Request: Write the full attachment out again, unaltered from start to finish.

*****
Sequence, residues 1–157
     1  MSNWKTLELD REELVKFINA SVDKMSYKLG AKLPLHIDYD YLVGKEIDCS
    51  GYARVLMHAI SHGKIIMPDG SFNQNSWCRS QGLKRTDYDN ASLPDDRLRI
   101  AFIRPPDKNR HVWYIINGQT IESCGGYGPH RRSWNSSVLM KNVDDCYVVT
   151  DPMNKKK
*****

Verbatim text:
Sequence, residues 1–157
     1  MSNWKTLELD REELVKFINA SVDKMSYKLG AKLPLHIDYD YLVGKEIDCS
    51  GYARVLMHAI SHGKIIMPDG SFNQNSWCRS QGLKRTDYDN ASLPDDRLRI
   101  AFIRPPDKNR HVWYIINGQT IESCGGYGPH RRSWNSSVLM KNVDDCYVVT
   151  DPMNKKK